One of the best parts of owning an RV is that you get to take your home or second home with you on the road. It’s a place to relax and a way to enjoy new destinations and the open road. With that said, you or your loved ones may be wondering if they can ride in the travel trailer or fifth-wheel when it’s moving down the road.
Let’s take a closer look because this is a question I’ve seen pop up before.
Can You and Should You?
This is a tricky situation because every state is different, and the rules even change depending on the type of RV you have. Many states have different rules for travel trailers and fifth-wheels. Then there’s the question of if it’s safe. Even if something is legal doesn’t mean it’s safe or smart to do.
Most towable RVs lack safety belts, meaning if you were to get in an accident with a passenger, they could be horribly injured or even killed. I would suggest you never ride in a travel trailer or a fifth-wheel unless it’s equipped with the proper safety belts, and even then, I would be somewhat hesitant due to the lack of airbags and other safety features.
With that said, I understand the appeal. One person could be driving and the rest of the family could lounge in the RV with more space and access to the kitchen or bathroom. It’s an enticing idea. While I don’t recommend it, I will say that several states allow it.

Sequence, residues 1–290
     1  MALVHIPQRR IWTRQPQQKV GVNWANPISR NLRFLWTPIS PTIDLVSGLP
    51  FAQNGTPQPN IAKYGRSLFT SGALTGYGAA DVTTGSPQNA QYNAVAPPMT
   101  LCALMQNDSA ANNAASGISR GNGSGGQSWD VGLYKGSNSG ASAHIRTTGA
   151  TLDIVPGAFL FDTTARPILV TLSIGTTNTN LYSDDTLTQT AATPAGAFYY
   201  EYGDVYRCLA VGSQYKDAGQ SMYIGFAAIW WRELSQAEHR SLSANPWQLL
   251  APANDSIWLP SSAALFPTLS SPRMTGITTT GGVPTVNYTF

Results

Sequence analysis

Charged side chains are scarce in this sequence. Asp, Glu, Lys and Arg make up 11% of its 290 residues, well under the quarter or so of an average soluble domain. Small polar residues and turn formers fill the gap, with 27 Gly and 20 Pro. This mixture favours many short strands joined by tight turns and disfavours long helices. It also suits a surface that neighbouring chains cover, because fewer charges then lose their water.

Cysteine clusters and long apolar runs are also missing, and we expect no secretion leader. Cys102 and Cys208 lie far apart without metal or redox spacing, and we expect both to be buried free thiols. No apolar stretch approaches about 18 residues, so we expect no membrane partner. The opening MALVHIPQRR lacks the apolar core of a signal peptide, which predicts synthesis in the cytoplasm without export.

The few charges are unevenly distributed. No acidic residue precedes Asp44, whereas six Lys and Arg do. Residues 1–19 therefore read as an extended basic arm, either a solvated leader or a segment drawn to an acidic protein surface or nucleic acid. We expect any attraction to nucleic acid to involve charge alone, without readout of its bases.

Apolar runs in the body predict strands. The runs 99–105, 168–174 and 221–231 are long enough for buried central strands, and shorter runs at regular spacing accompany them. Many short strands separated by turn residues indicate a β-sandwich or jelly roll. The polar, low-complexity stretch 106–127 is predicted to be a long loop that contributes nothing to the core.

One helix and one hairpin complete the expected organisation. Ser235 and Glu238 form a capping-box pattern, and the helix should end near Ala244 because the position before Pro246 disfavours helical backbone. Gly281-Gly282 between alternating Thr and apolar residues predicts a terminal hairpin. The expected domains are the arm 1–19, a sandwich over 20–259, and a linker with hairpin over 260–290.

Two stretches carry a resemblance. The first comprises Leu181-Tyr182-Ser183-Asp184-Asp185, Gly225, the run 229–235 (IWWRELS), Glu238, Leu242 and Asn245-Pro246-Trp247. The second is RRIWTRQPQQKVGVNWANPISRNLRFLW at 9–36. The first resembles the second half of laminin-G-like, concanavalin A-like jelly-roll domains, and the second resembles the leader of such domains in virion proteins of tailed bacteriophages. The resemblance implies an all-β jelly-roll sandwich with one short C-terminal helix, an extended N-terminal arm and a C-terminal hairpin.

Where Can You Ride in a Travel Trailer or Fifth-Wheel?
According to AAA, multiple states allow passengers to ride in a travel trailer or fifth-wheel while it’s traveling down the road. I’ll list the states below.
However, double check with your state’s laws. These laws can change, and that would mean you’re no longer legal. Also, keep in mind that if you cross state lines, you now have to abide by the laws in that state.
States That Allow Riding in a Travel Trailer or Fifth-Wheel
The following states do allow you to ride in a travel trailer. However, each one has a different description of what kind of RV qualifies, so check your local laws.
- District of Columbia
- Montana (fifth-wheel only)
- New Jersey
- New Mexico
- New York
- North Carolina
- Pennsylvania (fifth-wheel only)
- Rhode Island
- South Dakota
- West Virginia
- Wisconsin (fifth-wheel only)
It’s important to note that most fifth-wheel only states only allow use if there’s a two-way communication device between the driver and the passenger in the fifth-wheel. Also, always double check the laws in your area or the areas you’ll be traveling to and through. As I said above, the laws can change, and what used to be legal may not always be.
Do you know the laws in your state? Leave a comment below!